OSAKA -- A business executive in western Japan has developed a paper bag to safely dispose of masks amid the rise in demand due to the novel coronavirus outbreak.
Hirofumi Iwamura, 61, president of Nasaranet, a trading company in the Osaka Prefecture city of Tondabayashi, created the item by using material that has high water resistance, among other features, after becoming wary of the littering of masks that may still carry virus particles capable of infecting those who come in contact with them.
Iwamura said that he began to think about proper manners for disposing masks around March as he increasingly saw the items thrown on the streets. He commented, "I wanted to ensure the safety of those who collect trash for us as well as show kindness to those who throw masks away." He added, "I hope people can use the bags while showing consideration to those who collect them."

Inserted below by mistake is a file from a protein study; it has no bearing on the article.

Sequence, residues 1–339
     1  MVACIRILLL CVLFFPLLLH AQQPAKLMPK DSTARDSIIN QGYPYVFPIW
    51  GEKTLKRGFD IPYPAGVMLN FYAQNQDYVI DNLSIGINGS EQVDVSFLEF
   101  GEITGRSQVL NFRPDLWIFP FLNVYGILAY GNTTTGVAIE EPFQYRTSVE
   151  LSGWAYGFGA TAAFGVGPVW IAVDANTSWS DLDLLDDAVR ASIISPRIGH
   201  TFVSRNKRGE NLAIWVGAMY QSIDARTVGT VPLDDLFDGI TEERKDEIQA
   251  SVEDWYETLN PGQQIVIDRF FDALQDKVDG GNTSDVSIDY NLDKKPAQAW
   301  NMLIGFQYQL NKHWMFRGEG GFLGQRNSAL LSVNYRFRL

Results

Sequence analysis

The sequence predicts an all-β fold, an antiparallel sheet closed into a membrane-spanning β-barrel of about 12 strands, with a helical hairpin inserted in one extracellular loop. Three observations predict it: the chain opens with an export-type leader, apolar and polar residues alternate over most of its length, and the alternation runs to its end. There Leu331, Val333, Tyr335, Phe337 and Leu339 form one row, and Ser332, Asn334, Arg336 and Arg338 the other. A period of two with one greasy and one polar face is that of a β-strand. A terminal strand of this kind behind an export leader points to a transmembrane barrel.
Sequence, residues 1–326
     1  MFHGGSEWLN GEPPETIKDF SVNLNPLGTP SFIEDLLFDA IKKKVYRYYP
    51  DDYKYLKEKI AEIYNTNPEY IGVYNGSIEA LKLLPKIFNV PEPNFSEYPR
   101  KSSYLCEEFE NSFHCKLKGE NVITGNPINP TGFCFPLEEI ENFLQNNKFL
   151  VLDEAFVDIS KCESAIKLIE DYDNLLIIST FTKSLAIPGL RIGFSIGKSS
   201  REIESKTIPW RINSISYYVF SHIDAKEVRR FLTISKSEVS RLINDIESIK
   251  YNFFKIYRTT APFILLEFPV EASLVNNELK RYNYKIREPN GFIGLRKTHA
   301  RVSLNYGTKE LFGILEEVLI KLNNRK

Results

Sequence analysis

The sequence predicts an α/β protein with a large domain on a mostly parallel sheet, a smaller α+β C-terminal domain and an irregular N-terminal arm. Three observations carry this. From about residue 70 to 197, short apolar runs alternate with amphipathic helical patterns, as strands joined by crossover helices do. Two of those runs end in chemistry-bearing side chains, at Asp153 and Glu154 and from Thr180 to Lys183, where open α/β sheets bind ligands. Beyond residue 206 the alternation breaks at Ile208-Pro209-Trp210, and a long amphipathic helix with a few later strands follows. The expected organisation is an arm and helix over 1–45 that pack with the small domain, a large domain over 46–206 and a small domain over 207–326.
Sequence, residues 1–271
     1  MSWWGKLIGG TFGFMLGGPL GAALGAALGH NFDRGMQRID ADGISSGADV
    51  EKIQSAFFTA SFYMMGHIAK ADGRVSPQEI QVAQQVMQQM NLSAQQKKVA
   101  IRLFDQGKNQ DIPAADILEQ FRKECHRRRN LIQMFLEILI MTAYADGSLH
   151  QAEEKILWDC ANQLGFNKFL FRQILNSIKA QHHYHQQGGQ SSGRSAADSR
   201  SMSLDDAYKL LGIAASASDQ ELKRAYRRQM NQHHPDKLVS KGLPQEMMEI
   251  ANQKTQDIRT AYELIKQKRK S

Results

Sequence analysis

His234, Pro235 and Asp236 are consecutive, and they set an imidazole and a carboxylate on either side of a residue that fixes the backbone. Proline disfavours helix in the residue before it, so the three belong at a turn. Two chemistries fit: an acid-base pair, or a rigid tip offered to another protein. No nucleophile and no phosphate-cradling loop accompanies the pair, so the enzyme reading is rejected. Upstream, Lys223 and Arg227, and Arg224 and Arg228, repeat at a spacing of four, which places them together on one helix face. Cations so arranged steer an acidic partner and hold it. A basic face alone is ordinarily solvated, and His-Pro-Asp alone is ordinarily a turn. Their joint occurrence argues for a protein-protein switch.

The trading company Nasaranet has exported raw material to China for disposal bags placed in airplanes and in bullet trains. Iwamura started developing the product from April by making use of these raw materials and the skills of his customers.
The trash bag is white and shaped like an envelope, with special processing applied to the inner part, making it resistant to water and moisture. The opening of the bag can be sealed using double-sided tape. The paper bag can be thrown out as combustible waste. The product has been sold online from May under the name "Mask poi poi," with "poi" being Japanese onomatopoeia for the sound of tossing trash. The trash bags are sold in packs of five, with each pack costing 165 yen including tax.
"The usage of masks will continue hereafter. I hope that the product becomes popular so that masks can be thrown away safely."
(Japanese original by Saori Moriguchi, Osaka City News Department)